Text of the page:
…In the case of the alt-right dingleberry actively hoping for the collapse of traditional publishing (or at least Tor Books), which will presumably take me down with it: I think the plan there was reassuring the other dingleberries with whom he corresponds on social media that, yes, indeed, one day my virtue-signaling self will get mine, along with all of traditional publishing (or at least Tor Books), and what a glorious day that will be for them. As this particular alt-right dingleberry self-publishes on Amazon, there’s also the implication that upon the smoking ruins of traditional publishing (or at least Tor Books), and the dessicated bones of all the SJWs that toiled there, will come a new age where these alt-right dingleberries and their work will finally take their rightful place at the top of the science fictional heap, while I and my sort, I don’t know, maybe suck quarters out of vending machines to survive.

In case anybody cares which dingleberry is being discussed, in the Twitter thread version of this post, a redacted tweet could be traced to Brian Niemeier.

(7) SFF DISQUALIFIED AS LITERATURE? A long and interesting study of Ted Chiang’s fiction in the New York Review of Books: “Idea Man”. (Online version is behind a paywall.)

What fiction is made out of is a bit of a mystery, but an old bromide has it that ideas should not be a major component. T.S. Eliot praised Henry James for not having any in his fiction, which seems to accord with James’s own understanding of his work. “Nothing is my last word about anything,” he once wrote to a critic who had upset him by construing a particular portrait in one of his tales as a general statement. Along similar lines, George Orwell praised Charles Dickens for being “a free intelligence” who, in Orwell’s estimation, “has no constructive suggestions, not even a clear grasp of the nature of the society he is attacking, only an emotional perception that something is wrong.” Ideas, by virtue of their abstractness, are deprecated as too smooth and clean, deficient in the loam of contradictory specifics from which rich fiction grows, and the wish to demonstrate an idea is seen as dangerous because it might lead a writer to neaten her picture of the world, and thereby falsify it.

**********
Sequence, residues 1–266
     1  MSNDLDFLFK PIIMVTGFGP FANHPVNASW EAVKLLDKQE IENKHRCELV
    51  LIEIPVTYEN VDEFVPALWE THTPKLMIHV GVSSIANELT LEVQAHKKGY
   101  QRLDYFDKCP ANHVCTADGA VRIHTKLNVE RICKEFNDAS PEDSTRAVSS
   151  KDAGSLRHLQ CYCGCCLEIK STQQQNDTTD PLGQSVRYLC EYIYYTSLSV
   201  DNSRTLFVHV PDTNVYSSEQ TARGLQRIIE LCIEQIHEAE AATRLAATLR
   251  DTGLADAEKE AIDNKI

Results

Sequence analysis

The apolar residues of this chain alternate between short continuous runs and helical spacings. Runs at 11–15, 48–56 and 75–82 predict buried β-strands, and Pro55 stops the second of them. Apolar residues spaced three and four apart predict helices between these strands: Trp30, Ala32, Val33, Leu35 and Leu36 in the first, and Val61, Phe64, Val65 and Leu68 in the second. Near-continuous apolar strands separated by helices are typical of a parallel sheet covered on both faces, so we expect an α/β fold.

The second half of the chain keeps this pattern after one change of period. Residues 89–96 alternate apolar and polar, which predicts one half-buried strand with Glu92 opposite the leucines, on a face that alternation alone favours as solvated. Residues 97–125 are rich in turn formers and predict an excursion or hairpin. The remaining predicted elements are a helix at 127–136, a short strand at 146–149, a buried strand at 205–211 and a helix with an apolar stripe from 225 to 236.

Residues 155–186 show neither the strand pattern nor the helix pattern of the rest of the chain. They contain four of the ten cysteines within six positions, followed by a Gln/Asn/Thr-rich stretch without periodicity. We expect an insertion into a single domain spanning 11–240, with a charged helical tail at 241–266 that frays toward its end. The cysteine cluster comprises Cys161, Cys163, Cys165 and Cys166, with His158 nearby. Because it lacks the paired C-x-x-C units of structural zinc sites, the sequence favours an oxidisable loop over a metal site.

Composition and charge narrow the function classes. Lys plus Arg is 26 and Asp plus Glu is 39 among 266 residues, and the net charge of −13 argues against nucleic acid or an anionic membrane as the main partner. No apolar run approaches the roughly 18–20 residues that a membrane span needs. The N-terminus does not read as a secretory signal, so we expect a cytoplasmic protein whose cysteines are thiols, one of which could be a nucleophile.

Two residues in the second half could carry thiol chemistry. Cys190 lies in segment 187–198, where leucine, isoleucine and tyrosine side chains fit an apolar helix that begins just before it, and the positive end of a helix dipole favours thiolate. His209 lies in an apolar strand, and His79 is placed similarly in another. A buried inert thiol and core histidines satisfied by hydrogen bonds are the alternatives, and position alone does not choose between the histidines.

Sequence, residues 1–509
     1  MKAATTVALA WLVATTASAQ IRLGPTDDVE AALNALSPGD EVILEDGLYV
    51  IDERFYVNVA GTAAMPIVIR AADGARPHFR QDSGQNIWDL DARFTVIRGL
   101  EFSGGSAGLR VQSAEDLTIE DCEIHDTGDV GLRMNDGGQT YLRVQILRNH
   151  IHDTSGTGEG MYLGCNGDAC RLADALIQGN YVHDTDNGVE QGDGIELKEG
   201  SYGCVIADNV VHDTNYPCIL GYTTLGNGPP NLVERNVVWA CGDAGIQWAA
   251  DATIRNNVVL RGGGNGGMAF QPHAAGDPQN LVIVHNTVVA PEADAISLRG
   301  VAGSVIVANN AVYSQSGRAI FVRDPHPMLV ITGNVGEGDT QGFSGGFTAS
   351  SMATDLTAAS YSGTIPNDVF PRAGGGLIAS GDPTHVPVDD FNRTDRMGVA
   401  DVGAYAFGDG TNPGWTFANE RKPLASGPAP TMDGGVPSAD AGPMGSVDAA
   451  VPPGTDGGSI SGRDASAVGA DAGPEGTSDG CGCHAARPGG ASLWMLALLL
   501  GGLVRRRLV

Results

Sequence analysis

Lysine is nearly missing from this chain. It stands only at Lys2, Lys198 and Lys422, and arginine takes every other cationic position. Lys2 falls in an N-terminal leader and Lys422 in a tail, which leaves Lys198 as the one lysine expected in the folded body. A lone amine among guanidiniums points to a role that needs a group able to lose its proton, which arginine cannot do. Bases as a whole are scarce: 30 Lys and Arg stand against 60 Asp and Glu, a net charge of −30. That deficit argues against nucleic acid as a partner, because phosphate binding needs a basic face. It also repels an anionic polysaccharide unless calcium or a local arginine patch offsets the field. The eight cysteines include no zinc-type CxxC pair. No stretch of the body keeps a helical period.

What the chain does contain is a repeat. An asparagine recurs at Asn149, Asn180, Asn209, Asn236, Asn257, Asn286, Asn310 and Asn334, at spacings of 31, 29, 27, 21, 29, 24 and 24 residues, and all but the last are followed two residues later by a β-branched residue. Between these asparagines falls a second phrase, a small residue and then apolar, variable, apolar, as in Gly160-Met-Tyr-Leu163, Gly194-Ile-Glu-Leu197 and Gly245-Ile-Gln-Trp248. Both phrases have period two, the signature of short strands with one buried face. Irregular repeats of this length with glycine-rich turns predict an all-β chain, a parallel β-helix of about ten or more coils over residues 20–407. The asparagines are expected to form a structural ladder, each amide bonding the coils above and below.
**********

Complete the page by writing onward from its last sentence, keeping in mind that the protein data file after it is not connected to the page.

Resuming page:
Some kinds of ideas probably should be kept out of literature. It’s understandable, for example, that Orwell dismissed political dogmas as “smelly little orthodoxies,” and that he celebrated Dickens for writing novels that were innocent of them. But does it make sense to exclude ideas drawn from science or math?

The challenge of science fiction is in its embrace of them….

(8) PILGRIMAGE. NPR reminds us that Slaughterhouse-Five  was published 50 years ago.

When it was published 50 years ago, Kurt Vonnegut’s “Slaughterhouse-Five” was an instant hit, an anti-war novel that was searing, satirical, strange and darkly funny. It revolves around a controversial moment in World War II, the firebombing of Nazi Germany’s loveliest city.

(9) PONSOT OBIT. The late Marie Ponsot is celebrated by Samuel R. Delany:

Marie Ponsot, one of my early mentors, has passed away, well into her 90s. She was 98. She was the dedicatee of my book ABOUT WRITING, and when I was sixteen, she gave me my first hardcover copy of NIGHTWOOD, a book I read more times than any other single novel and taught again and again. 

She was a kind, generous, and wonderful poet. Her first book was True Minds, and her second was Admit Impediment. She was the pocket poet who lived on this side of the country and had known Ferlinghetti in France. Her French was excellent. Her daughter Monique remains my face book friend, and her son Antoine was the dedicatee of my third novel, The Towers of Toron. Sometime later she was the traveling companions of my wife, Marilyn Hacker.

Learn more in the Wikipedia article about her: Marie Ponsot